by Rukiya Symister, M.A.
My first experience with the "Love Island" reality T.V. show came when my niece was at my house. I was intrigued by the drama unfolding in front of my eyes of some unlucky guy in love. My initial thoughts were concern regarding my teenage niece watching the show and thinking that she may believe this is how people behave when dating. So, like any good aunt, I binged and watched 20 episodes of Love Island, becoming both enthralled and emotionally invested in these couples. How could one not get wrapped in Lexi stealing Ryan from Ari? I mean, I was literally picking my jaw off the floor. As their storyline developed, I watched Ryan and Lexi build a connection and fall head over heels for each other. I was, for sure, certain that another person could not have broken that bond. But in true reality tv fashion, that would change when another bomb came into the villa. I, of course, had to Google; to find out what couples made it because I could not handle the unknown.
The show made me think about how long these couples were together to put perspective on the tears I witnessed from all genders. I was shocked that the couples had been together for only a few days. I thought about the pitfalls of dating and how quickly we put all our eggs in one basket without knowing much about the other person. As a true researcher, I needed to know how perfect strangers could fall head over heels in love after spending only a few days together. I found that dopamine and oxytocin may be the cupid bows that shoot many of us, causing us to practice writing the other person’s last name and daydreaming about what kind of cake we should serve at the wedding. Haven’t we all planned a pseudo wedding with someone we just locked eyes with at Target as we both reached for the same milk jug?
The lesson I learned from Love Island is that sometimes those neurotransmitters dopamine and oxytocin can make us feel more deeply for a person than reality and make us fall out of lust just as fast. My dating tip is to honestly think about what you are looking for in a partner. If you want a serious relationship and the other person wants something casual, it's best to walk away before the shot of cupid’s bow has you in a situation-ship that causes you to question your worth. I have seen very few successful situation-ships work out, and no, that does not mean it’s an invitation to think yours will be the one.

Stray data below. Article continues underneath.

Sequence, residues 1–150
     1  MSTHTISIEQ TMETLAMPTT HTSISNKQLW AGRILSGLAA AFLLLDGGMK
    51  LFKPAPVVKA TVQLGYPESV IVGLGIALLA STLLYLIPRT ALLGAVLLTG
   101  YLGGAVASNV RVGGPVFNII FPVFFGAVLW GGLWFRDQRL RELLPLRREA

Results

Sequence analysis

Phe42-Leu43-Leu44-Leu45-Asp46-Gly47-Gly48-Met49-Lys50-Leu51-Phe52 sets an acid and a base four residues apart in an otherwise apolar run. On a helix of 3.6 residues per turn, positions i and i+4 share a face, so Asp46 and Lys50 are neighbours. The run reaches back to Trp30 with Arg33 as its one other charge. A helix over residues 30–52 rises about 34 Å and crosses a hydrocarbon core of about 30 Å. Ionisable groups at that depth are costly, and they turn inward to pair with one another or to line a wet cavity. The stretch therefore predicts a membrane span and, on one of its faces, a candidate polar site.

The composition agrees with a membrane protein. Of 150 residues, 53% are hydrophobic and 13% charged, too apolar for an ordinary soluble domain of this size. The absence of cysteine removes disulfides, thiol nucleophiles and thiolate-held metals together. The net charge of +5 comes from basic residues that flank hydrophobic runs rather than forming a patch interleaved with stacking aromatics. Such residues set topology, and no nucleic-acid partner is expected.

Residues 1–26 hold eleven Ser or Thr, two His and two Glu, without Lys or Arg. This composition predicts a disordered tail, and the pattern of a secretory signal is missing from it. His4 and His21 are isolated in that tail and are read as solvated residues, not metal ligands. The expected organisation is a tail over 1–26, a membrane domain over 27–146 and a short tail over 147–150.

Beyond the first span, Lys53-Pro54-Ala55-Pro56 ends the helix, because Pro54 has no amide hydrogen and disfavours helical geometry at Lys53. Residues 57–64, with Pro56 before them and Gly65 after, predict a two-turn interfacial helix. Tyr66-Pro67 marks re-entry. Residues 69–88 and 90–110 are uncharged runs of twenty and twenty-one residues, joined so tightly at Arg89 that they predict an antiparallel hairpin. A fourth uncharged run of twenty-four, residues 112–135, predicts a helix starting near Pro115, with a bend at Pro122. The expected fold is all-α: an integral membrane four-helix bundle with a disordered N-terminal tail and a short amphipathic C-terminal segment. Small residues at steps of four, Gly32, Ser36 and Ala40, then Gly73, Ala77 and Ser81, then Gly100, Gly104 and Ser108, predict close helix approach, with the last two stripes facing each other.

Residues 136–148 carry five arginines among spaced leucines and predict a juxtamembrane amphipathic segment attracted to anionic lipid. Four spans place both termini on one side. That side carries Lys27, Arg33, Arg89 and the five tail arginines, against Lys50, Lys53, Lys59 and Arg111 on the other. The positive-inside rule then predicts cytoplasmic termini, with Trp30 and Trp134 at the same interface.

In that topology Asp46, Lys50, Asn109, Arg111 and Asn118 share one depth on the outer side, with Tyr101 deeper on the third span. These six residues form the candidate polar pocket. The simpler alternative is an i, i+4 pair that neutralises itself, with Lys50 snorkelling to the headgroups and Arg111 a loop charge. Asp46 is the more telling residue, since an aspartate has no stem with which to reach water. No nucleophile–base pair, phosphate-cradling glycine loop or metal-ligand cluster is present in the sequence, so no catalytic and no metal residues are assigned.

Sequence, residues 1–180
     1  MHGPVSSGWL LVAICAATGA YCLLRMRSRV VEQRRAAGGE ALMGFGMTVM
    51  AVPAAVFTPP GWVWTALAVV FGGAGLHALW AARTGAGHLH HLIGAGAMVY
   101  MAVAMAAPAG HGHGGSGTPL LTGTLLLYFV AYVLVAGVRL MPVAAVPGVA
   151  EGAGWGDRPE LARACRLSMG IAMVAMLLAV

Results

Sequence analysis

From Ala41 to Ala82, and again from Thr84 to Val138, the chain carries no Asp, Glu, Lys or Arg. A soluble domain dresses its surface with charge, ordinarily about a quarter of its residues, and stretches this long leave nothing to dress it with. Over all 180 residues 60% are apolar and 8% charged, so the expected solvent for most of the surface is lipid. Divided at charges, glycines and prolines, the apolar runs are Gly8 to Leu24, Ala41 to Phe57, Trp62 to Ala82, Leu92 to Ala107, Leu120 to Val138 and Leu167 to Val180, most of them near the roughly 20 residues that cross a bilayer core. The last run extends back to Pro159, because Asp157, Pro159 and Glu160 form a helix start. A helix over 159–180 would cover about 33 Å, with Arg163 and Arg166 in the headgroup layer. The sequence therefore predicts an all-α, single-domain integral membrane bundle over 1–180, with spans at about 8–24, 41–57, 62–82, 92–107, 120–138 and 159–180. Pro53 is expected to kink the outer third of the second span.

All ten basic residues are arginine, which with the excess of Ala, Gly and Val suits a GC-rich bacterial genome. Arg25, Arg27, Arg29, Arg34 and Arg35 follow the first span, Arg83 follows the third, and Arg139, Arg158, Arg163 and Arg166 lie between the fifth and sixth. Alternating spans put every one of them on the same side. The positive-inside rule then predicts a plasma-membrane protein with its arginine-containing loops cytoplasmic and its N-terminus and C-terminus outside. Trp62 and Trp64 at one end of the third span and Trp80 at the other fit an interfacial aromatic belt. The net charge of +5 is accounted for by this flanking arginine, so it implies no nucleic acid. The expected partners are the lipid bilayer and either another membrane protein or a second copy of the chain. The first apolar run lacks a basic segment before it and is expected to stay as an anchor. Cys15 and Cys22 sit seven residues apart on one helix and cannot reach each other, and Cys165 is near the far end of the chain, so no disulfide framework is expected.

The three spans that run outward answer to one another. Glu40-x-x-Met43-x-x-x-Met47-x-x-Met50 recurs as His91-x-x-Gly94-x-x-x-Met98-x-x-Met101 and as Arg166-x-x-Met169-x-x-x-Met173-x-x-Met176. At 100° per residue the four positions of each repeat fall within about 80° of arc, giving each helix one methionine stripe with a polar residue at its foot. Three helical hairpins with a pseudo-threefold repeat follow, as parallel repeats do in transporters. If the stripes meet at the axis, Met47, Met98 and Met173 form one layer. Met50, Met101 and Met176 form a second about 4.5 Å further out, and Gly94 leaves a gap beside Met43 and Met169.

Dating doesn’t have to be difficult if we walk away sooner rather than later from relationships that show we are not a proper match. Also, a reminder we can’t change anyone; only a person who wants to change will change. So sorry, we can’t love someone more to make them love us, or gather enough rose quartz to open a crystal shop to get that person to want to be with us. On your next date, take it slow by getting to know the person sitting in front of you, not the illusion of who you think they are. When someone shows you their true colors, believe them. Use your green and red flags as a guidepost to lead you to that healthy relationship. Don’t be like Lexi putting ALL your eggs in one basket only to find out that, sadly, a new bomb can come into the villa and truly show you that you and your partner weren’t on the same relationship page.